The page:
W4A: What three (3) words best describe “Mary Olushoga?”
MARY: Mary Olushoga is a committed leader, small business advocate, and Entrepreneur.
W4A: You are the founder of the “AWP Network” What is it? When did it start?
MARY: The African Women Power (AWP) Network powers small business success for African entrepreneurs through training and support.
Our goal is to empower African women and girl entrepreneurs using marketing and PR tools, technology, community engagement and support, business resources, and entrepreneurial training programs.Ultimately, we focus on the development, growth, and sustainability of African owned small businesses.
I launched the AWP Network as a solution to the unemployment issue facing Africa especially in Nigeria as the most populous country on the continent. The idea is that if we are able to provide a supportive community to African entrepreneurs to grow their businesses, they will be sustainable and in turn create jobs and hire, thereby reducing unemployment. At the AWP Network, we see entrepreneurship as a solution.
This idea came after a number of years working in the economic development space. I saw firsthand how the resources provided, helped entrepreneurs become more successful in their endeavors. I saw how access to resources, education, and financing helped to transform the lives of women entrepreneurs. I launched AWP shortly after a BBC interview in 2012.
W4A: Doing what you do cannot be easy. What has been your major challenge and how did you overcome it?
MARY: One major challenge has been redefining our place in the market. How do we overcome this? We overcome this by being open to change, asking the right questions, and satisfying our customers.
W4A: How important is education to you in regards to what you do?
MARY: Education is very important. A major aspect of what we do has to do with business education and trainings. We share content and information with an audience. We certainly have to be open to engaging people in different ways.
For example, when we engaged women farmers in Taraba state, Nigeria – language inclusion was very important to our work because many of the women did not speak English. So we worked with instructors who were bilingual in their local language.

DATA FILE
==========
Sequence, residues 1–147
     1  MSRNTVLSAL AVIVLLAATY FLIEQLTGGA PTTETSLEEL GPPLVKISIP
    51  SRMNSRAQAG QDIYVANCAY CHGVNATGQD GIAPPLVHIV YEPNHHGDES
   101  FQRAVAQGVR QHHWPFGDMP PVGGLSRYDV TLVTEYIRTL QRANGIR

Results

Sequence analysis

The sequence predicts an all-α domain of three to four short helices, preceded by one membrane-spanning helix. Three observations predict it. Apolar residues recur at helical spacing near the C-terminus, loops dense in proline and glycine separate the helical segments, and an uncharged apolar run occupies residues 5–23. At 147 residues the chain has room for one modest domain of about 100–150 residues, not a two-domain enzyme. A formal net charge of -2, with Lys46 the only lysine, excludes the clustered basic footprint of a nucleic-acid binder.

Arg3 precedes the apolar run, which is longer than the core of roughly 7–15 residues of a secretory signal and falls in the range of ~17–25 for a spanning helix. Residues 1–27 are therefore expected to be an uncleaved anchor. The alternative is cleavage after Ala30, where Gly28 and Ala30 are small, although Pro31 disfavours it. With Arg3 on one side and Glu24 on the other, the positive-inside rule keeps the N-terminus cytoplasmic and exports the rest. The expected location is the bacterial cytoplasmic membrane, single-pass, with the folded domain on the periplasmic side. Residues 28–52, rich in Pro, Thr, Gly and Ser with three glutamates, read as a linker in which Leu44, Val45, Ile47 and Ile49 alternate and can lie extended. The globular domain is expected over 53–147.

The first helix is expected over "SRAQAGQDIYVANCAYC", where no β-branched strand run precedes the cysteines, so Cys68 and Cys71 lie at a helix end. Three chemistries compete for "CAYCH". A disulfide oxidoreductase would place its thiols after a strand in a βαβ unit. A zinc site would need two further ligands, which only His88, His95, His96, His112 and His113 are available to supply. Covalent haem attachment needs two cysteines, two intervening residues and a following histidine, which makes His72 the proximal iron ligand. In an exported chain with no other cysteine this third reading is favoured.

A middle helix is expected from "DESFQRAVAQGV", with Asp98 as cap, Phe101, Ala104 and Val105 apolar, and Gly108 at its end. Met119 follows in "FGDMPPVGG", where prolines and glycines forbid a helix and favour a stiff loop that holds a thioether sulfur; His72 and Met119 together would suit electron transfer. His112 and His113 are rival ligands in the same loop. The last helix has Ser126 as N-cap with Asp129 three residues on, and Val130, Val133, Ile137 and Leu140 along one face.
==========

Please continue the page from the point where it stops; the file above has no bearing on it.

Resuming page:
W4A: If you could change one thing about what you do to make it have a greater impact, what would it be?
MARY: We would like a bigger budget and a better strategy to engage more women and girls. We acknowledge that business is never a straight path; we recognize that there are ups and downs – so we have to be willing, ready, and able. Where we are right now however, gives us more time to define ourselves in the marketplace.
W4A: How would you encourage more women to live out their dreams?
MARY: More women can truly live out their dreams when they take the time to know who they are and what they want out of life. When we as women, take the time to find out who we truly are and what we want out of life, it’s a transformational experience.
It is simple to do the easy things: go to school, get married, and have kids. That’s easy. But it’s hard taking the time to figure out who you are, how you would like to make a difference or change in this world, and what you are going to do to achieve those goals that you have set for yourself. This takes time, and introspection is required.
So here’s what I have to say: Be fearless, be bold, do your research, ask questions when you don’t know, and more importantly, don’t forget to live your own life. Don’t sweat the small things, forgive, let go, and move on. Last but not least: Dream Big.
W4A: Who would you say has been your inspiration and why?
MARY: I draw inspiration from various aspects of my life. Different people have inspired me at different times in my life. Songs and movies inspire me. I love the arts. But my favorite movie is “A Beautiful Mind,” and favorite artist is Fela. Get these two in the room and I always get inspired.
W4A: What is the one thing you love the most about Africa?
MARY: The resilient nature of the people, our history, culture, of course the women – African women. I love African women.